“So, for startups, the priorities should be employee safety, business continuity, and liquidity. COVID–19 is an unprecedented event that is leaving a deep impact on the overall mental health across all levels of employees. Uncertainty and lack of control have given rise to high levels of anxiety. In times of crisis, however, the focus must shift to surviving the lean times than finding new market opportunities,” he says. With entrepreneurs working remotely, implement a remote work structure that covers the deliverables each team member is responsible for completing since communication with the team will be key in realigning goals.
“Plan for the short and long term as the spread will create a ripple effect that will impact us for some time. Speak to your suppliers, investors, partners and local officials on a daily basis as startups run exceptionally lean and generally on fairly tight timelines. Startups should consider holding weekly meetings to discuss cash burn and runway with the core team. Companies that were in the process of raising new money, are likely to be hit especially hard so rationalize the expectations,” he says.
Siddharth finds the Action COVID19 Team (ACT) initiative to be a great one. With the number of cases of coronavirus is increasing daily in India, the initiative is to build collective effort in helping fight the long-term effects of this pandemic on society.
“Action COVID19 Team (ACT) will not only provide a grant to the startups which are working on the critical pain points such as inhibit spread, disease testing, and management, medical devices, healthcare support to hospitals and doctors, but ACT team will also bring its networks, resources, mentoring to startup founders and team to help these initiatives make rapid progress and create a large-scale impact in the fight against COVID-19,” he says.
There will be great economic dislocation
In the past few years, investment activity has been touching record highs and had grown 28 percent to $48 billion in 2019. The majority of the VC’s and seed funds are continuing, though at a slower pace, to evaluate the investment proposals and continue to be active. “The focus has shifted partially towards focusing on existing portfolio companies for crisis management. While there will be great economic dislocation that affects small and large businesses, there are still some opportunities, especially for direct-to-consumer businesses,” he says.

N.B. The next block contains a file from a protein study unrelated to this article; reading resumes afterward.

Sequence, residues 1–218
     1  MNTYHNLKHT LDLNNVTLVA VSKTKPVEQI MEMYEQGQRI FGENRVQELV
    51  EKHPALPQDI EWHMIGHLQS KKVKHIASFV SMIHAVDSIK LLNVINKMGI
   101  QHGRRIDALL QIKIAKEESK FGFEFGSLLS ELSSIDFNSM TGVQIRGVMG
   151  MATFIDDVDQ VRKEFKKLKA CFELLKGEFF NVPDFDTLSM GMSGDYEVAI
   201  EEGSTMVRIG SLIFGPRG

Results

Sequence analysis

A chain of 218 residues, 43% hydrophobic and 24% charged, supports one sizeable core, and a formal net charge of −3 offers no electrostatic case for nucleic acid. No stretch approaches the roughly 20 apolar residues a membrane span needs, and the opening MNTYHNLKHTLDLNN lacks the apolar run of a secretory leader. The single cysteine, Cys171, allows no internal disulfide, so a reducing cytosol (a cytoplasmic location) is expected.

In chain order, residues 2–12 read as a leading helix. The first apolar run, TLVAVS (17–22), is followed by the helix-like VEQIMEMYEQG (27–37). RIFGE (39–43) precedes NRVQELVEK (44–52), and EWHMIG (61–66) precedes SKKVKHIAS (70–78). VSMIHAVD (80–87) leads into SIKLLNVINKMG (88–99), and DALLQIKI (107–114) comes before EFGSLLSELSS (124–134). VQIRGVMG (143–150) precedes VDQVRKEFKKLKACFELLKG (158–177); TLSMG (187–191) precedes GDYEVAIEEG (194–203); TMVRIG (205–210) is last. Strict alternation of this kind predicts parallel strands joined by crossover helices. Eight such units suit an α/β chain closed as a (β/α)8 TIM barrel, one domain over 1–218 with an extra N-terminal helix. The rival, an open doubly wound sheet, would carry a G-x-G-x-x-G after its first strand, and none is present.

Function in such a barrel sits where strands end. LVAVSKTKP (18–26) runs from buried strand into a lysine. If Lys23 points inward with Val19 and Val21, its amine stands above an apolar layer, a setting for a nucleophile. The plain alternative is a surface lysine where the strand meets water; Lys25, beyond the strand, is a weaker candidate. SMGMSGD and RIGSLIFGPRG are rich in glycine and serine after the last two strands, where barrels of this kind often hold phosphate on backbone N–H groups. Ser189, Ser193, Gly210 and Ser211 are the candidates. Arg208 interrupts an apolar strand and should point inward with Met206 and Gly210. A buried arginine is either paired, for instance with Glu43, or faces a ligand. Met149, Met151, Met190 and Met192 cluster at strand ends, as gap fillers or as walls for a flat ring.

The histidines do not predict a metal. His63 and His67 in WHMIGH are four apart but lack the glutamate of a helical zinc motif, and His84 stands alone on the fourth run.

Few sectors which are best to invest
“Sectors that may attract investments are companies in the technology, consumer goods (packaged essentials, personal and healthcare, food processing, hygiene products, and Sanitation), pharmaceuticals as well as sub-sectors like medical supply and services (Telemedicine), biotech, health and fitness apps and entertainment like mobile gaming, which is witnessing a skyrocketing increase in user engagement and the season of gaming startups appears to be at its peak,” he says.
Some investors believe that by 2021, everything will be back to normal while some are expecting a longer-term impact somewhere between 18–24 months. Dry powder availability for VC investing in India was at an all-time high at the end of 2019, indicating likely continued investment activity in 2020.
“We may expect small rounds of funding at a lower valuation and a runway of 12 months should be considered appropriate in the present circumstances. Valuations will be squeezed due to the increased macroeconomic risk since investors will be conservative and not bullish on the potential growth, we can expect an adjustment and correction of Approx 25% on average to valuations across,” he says.
(Edited By Rabia Mistry)